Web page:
ASIC’s liquidator regulation activities – 2017-2018

Under s 136(1)(ca) of the ASIC Act, ASIC is required to report in its annual report on its activities under Chapter 5 and Schedule 2 of the Corporations Act, and the exercise of its information gathering powers, among other activities.

Although not designated under s 136, here are some insolvency comments and figures from ASIC’s 2017-2018 annual report – its liquidator registration and regulation activities, its amicus interventions, phoenix regulation, reports of misconduct etc. 

Liquidator registration and regulation powers under Schedule 2

There were 16 applications for registrations as a liquidator, of which 4 were granted with no conditions, 7 granted with conditions,[1] and 5 refused.

Of the 5 refused, 3 sought AAT review, 1 was successful[2] and 2 remain to be decided.

Applications under s 20-40 to vary conditions imposed on liquidators totalled 5, with 4 having the conditions varied, and one fully granted.

Administrative and secretariat services are provided to these independent liquidator registration and discipline committees by the ASIC Chief Legal Office.

Directions to liquidators to comply (ss 40-5, 40-10, 40-15) were “successfully used … on several occasions … either to resolve our concerns by achieving compliance or to advance our investigations”.

ASIC served 2 show cause notices under s 40-40 one of which was then referred to a disciplinary committee, which determined that the liquidator should continue to be registered subject to a condition that ‘he’ undertake specified training. The other matter is on-going.

ASIC exercised its power under s 40-111 to remove a bankrupt liquidator from the register of liquidators. ASIC then exercised its powers to appoint a replacement liquidator to his administrations, perhaps under s 437A.

After the AAT confirmed the cancellation of Randall Joubert as a liquidator,[3] ASIC obtained court orders that Joubert be removed and that other liquidators be appointed.[4]

ASIC served 3 section 30B notices under the ASIC Act on liquidators requesting information.

Other points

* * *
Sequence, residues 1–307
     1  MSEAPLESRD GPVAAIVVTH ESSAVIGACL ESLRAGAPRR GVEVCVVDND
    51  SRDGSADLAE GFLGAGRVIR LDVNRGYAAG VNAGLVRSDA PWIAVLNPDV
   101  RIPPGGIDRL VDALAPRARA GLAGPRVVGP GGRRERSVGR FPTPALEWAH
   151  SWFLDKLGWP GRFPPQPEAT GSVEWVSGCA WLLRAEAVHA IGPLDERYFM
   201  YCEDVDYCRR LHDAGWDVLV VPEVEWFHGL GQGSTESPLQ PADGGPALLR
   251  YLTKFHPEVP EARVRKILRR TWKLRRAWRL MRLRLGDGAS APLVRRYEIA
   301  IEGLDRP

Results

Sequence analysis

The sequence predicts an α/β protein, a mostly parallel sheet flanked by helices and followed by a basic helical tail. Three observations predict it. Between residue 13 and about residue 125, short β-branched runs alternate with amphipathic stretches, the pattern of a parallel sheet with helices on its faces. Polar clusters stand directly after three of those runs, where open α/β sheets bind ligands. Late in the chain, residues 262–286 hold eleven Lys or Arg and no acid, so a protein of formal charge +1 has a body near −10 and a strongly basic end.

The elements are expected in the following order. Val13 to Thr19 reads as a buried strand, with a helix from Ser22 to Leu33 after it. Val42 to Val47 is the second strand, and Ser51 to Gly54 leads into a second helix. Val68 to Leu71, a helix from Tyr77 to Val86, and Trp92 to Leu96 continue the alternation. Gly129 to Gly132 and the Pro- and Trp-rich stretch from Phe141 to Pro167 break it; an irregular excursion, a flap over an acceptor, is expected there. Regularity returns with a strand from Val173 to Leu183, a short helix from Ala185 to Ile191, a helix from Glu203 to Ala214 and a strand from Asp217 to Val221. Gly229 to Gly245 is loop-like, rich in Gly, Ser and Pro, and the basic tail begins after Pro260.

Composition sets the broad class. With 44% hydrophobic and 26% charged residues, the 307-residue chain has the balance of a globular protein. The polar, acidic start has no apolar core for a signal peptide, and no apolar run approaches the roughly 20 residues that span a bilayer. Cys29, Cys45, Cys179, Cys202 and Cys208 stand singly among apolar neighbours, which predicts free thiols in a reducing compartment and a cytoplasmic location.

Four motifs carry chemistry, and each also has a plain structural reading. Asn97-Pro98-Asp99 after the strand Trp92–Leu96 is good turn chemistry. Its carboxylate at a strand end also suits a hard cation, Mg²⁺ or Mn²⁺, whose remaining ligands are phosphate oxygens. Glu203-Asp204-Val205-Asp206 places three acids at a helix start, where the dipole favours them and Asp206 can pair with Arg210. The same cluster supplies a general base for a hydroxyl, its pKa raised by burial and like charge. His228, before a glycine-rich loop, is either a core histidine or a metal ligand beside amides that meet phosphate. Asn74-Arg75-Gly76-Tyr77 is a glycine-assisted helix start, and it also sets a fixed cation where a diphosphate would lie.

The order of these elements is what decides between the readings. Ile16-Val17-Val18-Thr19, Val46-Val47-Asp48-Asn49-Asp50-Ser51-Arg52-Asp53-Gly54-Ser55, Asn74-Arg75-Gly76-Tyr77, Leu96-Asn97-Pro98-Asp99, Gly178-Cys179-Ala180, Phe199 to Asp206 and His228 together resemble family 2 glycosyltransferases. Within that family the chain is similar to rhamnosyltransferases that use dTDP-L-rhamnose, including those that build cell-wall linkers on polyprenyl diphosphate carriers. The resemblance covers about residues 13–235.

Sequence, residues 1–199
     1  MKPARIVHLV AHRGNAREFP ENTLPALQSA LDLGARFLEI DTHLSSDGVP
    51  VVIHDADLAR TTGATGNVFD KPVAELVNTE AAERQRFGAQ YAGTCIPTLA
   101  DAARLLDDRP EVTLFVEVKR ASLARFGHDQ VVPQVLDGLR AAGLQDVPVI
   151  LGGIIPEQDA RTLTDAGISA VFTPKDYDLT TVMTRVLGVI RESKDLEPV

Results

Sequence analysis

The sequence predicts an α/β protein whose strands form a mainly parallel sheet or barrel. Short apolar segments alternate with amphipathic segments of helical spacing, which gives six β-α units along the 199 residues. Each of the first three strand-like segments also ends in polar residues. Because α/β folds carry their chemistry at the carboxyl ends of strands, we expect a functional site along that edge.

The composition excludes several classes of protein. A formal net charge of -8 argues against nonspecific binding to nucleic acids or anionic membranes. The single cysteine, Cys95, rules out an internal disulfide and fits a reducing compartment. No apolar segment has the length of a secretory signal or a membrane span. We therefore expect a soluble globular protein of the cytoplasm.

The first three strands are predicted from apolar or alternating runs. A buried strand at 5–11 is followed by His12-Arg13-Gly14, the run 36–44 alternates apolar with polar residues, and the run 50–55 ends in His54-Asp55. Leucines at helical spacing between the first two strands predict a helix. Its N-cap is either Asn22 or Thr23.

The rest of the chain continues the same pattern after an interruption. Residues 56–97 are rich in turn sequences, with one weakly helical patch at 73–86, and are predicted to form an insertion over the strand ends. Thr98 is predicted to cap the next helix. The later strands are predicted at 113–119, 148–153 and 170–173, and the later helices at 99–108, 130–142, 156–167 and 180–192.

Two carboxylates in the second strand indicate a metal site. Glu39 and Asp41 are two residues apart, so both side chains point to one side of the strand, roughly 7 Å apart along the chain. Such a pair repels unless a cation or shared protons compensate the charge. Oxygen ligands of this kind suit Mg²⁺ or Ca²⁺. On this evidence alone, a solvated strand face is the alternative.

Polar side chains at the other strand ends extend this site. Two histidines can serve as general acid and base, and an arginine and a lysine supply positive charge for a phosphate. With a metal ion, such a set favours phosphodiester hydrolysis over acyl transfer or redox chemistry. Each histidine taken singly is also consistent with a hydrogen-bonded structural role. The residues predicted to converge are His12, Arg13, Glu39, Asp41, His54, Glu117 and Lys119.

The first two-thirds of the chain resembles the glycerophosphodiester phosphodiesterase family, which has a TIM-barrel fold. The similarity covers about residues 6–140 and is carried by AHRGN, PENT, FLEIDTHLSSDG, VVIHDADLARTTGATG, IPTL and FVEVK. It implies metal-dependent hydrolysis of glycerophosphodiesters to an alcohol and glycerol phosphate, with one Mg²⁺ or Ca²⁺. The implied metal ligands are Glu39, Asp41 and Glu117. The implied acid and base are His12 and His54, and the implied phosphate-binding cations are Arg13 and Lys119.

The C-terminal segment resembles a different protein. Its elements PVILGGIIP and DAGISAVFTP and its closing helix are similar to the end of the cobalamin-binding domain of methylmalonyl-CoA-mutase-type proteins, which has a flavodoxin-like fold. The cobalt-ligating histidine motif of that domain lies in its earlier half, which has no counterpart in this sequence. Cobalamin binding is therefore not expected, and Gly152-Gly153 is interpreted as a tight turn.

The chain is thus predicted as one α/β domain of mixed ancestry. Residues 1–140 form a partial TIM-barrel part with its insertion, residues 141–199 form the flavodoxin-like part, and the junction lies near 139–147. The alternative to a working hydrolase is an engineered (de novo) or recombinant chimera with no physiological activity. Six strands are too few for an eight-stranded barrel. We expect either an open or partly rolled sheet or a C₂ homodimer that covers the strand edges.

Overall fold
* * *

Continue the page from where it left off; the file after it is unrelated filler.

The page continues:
Some other points from the annual report are:

  • ASIC ‘successfully implemented’ the September 2017 changes introduced under the second tranche of the ILRA 2016 by updating IT systems, regulatory guides, information sheets and forms, and in helping liquidators to comply with their new obligations. ASIC worked closely with third-party software suppliers to ensure the industry was ready for the reforms.
  • ASIC’s appeared as amicus in the Network Ten proceedings, in relation to the independence of Korda Mentha; and in Provident Capital Ltd as to the reasonableness of liquidators’ remuneration.
  • ASIC’s review of liquidators’ compliance with lodging and publication requirements involved ASIC reviewing 26,000 external administrations.
  • ASIC’s pursues activities in relation to illegal phoenix activity. It reports the conviction of a former Noodle Box franchisee, resulting in his two months imprisonment and disqualification from managing corporations for five years.
  • ASIC administered $3.583m in Assetless Administration Fund payments to insolvency practitioners to undertake preliminary investigations of suspected breaches of directors’ duties and fraudulent conduct and to report to ASIC for further action as appropriate. ASIC received 784 applications for funding in 2017–18 – the highest number of applications ever received. Reports funded by the AA Fund assisted in approximately 93% of the 45 director bannings.
  • In 2017–18, ASIC dealt with 9,567 reports of alleged misconduct overall, of which 6% were a failure to provide books and records or a report as to affairs to an insolvency practitioner; 5% were fraud allegations; 5% involved insolvency practitioner misconduct; and 4% were ‘insolvency matters’ generally. Over 50% warranted no further action, over 21 % required referral for action.


Equivalent reports on AFSA and ARITA.


[1] For example, James Dampney had a condition imposed under s 20-55(3)(b), of the Insolvency Practice Schedule (Corporations) to only take joint appointments and to be subject to meet the continuing professional education requirements as set out in s20-5(2) and (3) of the Insolvency Practice Rules (Corporations) 2016. Liam Healey was required to attend and successfully complete each of the four continuing professional development courses offered by ARITA within two years of the date of registration as a liquidator.  ARITA chooses a liquidator to sit on these committees. See for full details.

[2] Mansfield and A committee convened under section 20-10 of the Insolvency Practice Schedule (Corporations) [2018] AATA 1510. There is no record yet of Mr Mansfield subsequently being registered.


[3] Joubert and Members of the Companies Auditors and Liquidators Disciplinary Board [2018] AATA 944

[4] NSW Supreme Court 2018/00199579, 29 June 2018


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